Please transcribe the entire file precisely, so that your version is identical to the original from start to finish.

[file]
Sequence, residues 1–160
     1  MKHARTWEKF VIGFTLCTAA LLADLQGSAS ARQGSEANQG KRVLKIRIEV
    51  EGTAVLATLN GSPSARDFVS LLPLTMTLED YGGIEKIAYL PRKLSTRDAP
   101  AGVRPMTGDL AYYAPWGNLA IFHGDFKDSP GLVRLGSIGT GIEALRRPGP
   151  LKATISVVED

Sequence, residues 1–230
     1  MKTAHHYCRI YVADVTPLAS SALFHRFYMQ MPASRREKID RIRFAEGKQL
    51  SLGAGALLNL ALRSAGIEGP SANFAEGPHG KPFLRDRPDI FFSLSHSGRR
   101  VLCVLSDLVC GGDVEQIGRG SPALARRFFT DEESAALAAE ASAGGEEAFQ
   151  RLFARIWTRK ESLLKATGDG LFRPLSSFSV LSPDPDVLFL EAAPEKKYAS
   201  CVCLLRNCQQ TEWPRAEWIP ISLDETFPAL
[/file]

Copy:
Sequence, residues 1–160
     1  MKHARTWEKF VIGFTLCTAA LLADLQGSAS ARQGSEANQG KRVLKIRIEV
    51  EGTAVLATLN GSPSARDFVS LLPLTMTLED YGGIEKIAYL PRKLSTRDAP
   101  AGVRPMTGDL AYYAPWGNLA IFHGDFKDSP GLVRLGSIGT GIEALRRPGP
   151  LKATISVVED

Sequence, residues 1–230
     1  MKTAHHYCRI YVADVTPLAS SALFHRFYMQ MPASRREKID RIRFAEGKQL
    51  SLGAGALLNL ALRSAGIEGP SANFAEGPHG KPFLRDRPDI FFSLSHSGRR
   101  VLCVLSDLVC GGDVEQIGRG SPALARRFFT DEESAALAAE ASAGGEEAFQ
   151  RLFARIWTRK ESLLKATGDG LFRPLSSFSV LSPDPDVLFL EAAPEKKYAS
   201  CVCLLRNCQQ TEWPRAEWIP ISLDETFPAL